Philadelphia, PA (PRWEB) November 9, 2010
This holiday season, kids can become the Pet Safety Patrol in their home. Cut out these tips and stick them on your fridge to help keep your pets safe!
We know you love your pets and when the holidays come around, you want to share the joy of the season with your four-legged family members. But each year, thousands of pets become injured or ill amidst the hustle and bustle of the holidays. Share extra affection and be thankful as can be, but keep your pets safe with these handy tips to get you and your pets safely through the holidays.
TURKEY’S OKAY, BUT BONES ARE A NO-NO.
What pet wouldn’t enjoy a little turkey at Thanksgiving? But cooked bones of any kind, from chicken to turkey, can have sharp splinters and should never be given to your pets.
Watch out for holiday plants including holly, mistletoe and poinsettias, which can be poisonous to your pets. If you must have them in your home, keep them far out of reach. Better bet: Choose faux plants and you’ll have them each year.
OH! CHRISTMAS TREE.
All it takes to knock over a tree is the enthusiastically wagging tail of a larger dog or a climb from a curious cat. Use ornaments that are unbreakable on the lower boughs to avoid broken glass. For added protection, place a screen around the presents and the tree. Tinsel can pose a choking hazard and an intestinal dilemma for cats and dogs, so choose a garland that is pet-friendly. Avoid tree preservatives in the water reservoir of the tree stand, as pets may stop by for a drink.
CHOCOLATE ISN’T SWEET FOR DOGS AND CATS.
In fact, giving even the smallest taste of chocolate to a pet can be toxic. Pets can become very sick. Share your love, share your happiness, but keep your chocolate to yourself.
CORRAL THE ELECTRICAL CORDS.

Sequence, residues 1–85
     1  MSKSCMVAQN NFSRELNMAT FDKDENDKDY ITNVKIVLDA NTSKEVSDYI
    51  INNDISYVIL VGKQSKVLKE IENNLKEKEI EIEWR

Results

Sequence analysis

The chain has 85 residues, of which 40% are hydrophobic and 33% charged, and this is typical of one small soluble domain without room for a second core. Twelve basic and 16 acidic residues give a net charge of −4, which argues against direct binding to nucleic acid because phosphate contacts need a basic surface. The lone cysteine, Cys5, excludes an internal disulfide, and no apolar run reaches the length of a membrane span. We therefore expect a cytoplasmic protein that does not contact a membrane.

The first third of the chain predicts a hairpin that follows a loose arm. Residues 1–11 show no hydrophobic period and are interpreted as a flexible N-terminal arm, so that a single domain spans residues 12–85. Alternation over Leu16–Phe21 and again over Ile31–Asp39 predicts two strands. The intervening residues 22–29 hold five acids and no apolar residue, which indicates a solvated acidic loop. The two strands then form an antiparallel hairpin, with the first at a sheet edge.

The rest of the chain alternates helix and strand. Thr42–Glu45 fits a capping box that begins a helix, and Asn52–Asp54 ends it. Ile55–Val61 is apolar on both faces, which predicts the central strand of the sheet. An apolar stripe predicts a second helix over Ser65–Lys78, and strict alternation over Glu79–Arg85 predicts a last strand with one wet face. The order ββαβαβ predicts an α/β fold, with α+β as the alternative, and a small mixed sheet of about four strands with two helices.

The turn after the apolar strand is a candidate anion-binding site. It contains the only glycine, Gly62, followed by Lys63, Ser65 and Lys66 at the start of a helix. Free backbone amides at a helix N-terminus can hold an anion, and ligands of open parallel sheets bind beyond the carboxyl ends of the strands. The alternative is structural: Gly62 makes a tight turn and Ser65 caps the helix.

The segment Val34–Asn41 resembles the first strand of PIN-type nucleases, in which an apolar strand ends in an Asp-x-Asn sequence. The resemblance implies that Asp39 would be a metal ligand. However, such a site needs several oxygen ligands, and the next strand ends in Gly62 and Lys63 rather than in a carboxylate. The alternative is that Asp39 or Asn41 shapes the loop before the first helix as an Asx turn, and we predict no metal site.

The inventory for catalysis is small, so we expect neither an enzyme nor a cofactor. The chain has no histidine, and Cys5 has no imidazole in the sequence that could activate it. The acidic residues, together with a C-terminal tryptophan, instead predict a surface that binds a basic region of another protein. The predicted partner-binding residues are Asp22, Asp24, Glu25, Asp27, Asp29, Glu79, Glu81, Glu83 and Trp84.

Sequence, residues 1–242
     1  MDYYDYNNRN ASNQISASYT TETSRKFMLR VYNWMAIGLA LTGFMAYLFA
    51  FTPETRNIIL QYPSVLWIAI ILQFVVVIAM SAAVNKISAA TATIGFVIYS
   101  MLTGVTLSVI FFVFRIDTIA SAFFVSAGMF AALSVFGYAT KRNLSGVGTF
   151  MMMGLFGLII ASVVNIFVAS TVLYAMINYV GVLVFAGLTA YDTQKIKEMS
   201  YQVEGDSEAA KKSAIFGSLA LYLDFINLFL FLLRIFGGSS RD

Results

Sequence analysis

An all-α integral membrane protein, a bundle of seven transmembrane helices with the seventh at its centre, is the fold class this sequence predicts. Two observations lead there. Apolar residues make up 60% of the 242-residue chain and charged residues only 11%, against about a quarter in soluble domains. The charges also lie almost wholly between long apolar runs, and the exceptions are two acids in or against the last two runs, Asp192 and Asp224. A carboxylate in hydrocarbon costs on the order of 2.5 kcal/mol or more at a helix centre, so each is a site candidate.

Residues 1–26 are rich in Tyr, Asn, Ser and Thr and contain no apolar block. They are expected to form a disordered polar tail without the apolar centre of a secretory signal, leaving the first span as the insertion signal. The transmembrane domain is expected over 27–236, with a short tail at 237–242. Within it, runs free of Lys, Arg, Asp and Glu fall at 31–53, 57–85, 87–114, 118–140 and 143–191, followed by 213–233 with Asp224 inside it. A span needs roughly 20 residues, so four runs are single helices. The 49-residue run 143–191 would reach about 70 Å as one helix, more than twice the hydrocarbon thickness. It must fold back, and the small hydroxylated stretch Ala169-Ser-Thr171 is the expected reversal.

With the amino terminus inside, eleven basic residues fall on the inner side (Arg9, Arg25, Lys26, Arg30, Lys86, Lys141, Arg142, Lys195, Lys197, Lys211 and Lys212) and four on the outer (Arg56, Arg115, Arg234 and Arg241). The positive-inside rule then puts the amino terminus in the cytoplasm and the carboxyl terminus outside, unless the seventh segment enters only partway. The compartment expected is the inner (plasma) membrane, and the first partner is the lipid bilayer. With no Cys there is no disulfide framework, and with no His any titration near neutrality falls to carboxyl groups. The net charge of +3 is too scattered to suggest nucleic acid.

The holidays are a time for added electrical cords. To cats and dogs, these look like playthings. Avoid chewed cords, risk of electrical shock, or dragged decorations by keeping cords taped down and when possible, out of sight.
CANDLES AND MENORAHS.
In addition to electrical cords, burning candles become more prevalent on the holidays. Never leave a candle unattended with a pet in the house, where it can easily be knocked to the ground.
KNOW HOW YOUR PETS WILL REACT TO GUESTS.
Unusual activity and unfamiliar guests can cause stress for your pets resulting in behaviors such as overexcitement, or a desire to run out of fear. Have identification on your pets at all times in case they do slip through an open door. Designate a quiet space for your pet ahead of time, should the excitement become too much.
Keeping dogs and cats safe during the holidays requires extra care, but taking steps to ensure their safety ahead of time means a happier, more relaxed holiday for everyone!
Sherrie A Madia, Ph.D. is an educator, author, and communications coach. Her recent children’s books are Alphabet Woof!, the story of Moxy the dog who eats magic soup and his wish comes true: He can talk!, http://www.AlphabetWoof.com, and her new book Bumblelina, http://www.Bumblelina.com, about a tiny bee who learns the importance of trying in her quest to fly. A portion of the proceeds of each book goes to support the SPCA International.